The Stars

A star, spherical in shape, is a thermo-nuclear furnace composed of a soup of super-heated gas – the fourth state of matter, called plasma. A star is held together in a precarious balancing act with gravity pressing down in every direction towards its centre and the opposing outward pressure resulting from the energetic particles darting about in its core and upper layers; a state called hydrostatic equilibrium. Stars spend the majority of their life cycle in this state, on the main sequence.

At its heart, where enormous pressures (250 billion bar or 10^16 Pa) and temperatures (15.5 million degrees Celsius) are present, nuclear fusion results in the transmutation of hydrogen to helium. This process can only occur when the impact between two proton collisions are head on. When two protons get close, they repel each other as a result of photon exchange. To fuse together, they need to get so close that they are effectively overlapping; they need to overcome the Coulomb barrier. However, the Sun is just not hot enough for protons to overcome the Coulomb barrier. The W particle steps in to save the day. When two protons get close enough, one of the up quarks changes to a down quark, with the emission of a neutrino and a positron, meaning that one of the protons changes to a neutron, and now freed from photon exchange, the two particles can fuse by means of the strong force, to make a deuteron (heavy water nuclei). This quickly leads to helium on collision with another proton with emission of life giving energy to the star.


The Maxwell-Boltzmann distribution of particular speeds states that just one proton in every 100,000,000 (100 million) is travelling fast enough to overcome the electrostatic potential (Coulomb barrier) between the two positively charged particles, whilst just one collision in every 10,000,000,000,000,000,000,000 (10 billion trillion) results in fusion! It has been estimated that a single proton in the core of a star makes a head-on collision with another proton once every 14 billion years, which means that, in terms of protons, nuclear fusion is an extremely rare event! However, due to the truly astronomical number of protons composing the stellar core, 616,000,000,000 (616 billion) kilograms of protons are converted into 611 billion kilograms of helium each second, with the remaining mass being converted to cosmic rays such as neutrinos and energy such as electromagnetic radiation and acoustic energy. Although these quantities sound enormous, to date, 4.6 billion years since its birth, only 4% or the original supply of hydrogen has been transformed to helium!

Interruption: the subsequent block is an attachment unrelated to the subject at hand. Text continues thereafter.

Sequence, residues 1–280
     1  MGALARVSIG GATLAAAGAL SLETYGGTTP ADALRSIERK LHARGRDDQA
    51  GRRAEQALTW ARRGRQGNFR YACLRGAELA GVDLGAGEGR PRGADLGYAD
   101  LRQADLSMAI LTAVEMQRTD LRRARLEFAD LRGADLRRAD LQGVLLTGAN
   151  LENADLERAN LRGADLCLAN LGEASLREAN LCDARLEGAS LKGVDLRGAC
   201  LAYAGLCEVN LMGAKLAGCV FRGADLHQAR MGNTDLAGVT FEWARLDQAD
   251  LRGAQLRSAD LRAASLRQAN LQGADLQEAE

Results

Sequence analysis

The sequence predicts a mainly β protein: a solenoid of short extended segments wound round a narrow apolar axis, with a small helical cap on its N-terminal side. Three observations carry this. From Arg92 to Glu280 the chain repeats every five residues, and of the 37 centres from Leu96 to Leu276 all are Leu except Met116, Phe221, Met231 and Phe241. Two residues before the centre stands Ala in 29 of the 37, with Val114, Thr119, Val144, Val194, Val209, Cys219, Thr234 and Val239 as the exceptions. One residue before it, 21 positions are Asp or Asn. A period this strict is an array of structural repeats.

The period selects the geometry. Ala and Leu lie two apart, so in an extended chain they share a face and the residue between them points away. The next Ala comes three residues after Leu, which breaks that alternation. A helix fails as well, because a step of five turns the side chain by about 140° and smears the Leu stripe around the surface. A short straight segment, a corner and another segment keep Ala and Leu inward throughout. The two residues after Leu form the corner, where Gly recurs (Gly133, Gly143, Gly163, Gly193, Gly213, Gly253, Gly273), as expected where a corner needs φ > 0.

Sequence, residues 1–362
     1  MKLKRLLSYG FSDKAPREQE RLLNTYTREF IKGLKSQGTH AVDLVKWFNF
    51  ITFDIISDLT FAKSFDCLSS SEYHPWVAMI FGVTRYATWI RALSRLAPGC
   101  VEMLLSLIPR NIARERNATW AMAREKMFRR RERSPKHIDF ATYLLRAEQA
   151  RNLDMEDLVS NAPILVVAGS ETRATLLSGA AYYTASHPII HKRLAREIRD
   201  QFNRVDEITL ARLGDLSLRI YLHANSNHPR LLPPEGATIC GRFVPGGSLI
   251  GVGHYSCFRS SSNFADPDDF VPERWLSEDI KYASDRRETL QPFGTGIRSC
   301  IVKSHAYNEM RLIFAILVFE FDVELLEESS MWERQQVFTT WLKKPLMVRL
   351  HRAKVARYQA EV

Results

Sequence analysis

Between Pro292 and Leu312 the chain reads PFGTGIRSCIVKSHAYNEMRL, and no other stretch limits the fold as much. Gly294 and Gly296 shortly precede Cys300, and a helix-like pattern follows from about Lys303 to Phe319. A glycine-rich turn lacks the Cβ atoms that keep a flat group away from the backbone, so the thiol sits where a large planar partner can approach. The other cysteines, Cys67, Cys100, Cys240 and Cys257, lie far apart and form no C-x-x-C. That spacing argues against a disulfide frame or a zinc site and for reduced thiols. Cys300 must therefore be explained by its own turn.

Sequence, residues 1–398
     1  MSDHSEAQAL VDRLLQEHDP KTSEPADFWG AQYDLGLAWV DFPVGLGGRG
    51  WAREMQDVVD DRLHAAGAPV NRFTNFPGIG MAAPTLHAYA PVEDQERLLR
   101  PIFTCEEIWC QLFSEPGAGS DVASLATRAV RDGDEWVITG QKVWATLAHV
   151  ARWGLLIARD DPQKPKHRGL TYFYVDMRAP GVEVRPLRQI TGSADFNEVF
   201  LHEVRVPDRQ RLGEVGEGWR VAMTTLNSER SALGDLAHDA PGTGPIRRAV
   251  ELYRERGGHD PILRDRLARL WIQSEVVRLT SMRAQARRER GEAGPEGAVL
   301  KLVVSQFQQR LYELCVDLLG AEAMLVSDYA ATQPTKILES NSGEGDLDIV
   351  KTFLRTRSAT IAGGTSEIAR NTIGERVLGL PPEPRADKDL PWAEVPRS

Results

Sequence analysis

The emission profile of the sun (solar spectrum) is broad, rising steeply from the energetic x-ray and ultraviolet (UV) region, peaking at 555 nm in the visible portion (green light) and falling sharply into the red whilst tailing off with a shallow incline into the radio frequencies of the electromagnetic spectrum. The emission profile of the sun closely resembles that of an ideal blackbody, the curves of which are shown for various temperatures in the image below.


The curves are a graphical representation of the energy at each wavelength of emission (Planck’s law). This means that if the total energy for each wavelength across the entire emission spectrum is summed up, then this will give the total amount of energy emitted per unit time per unit surface area, which is known as the Stefan-Boltzmann law.



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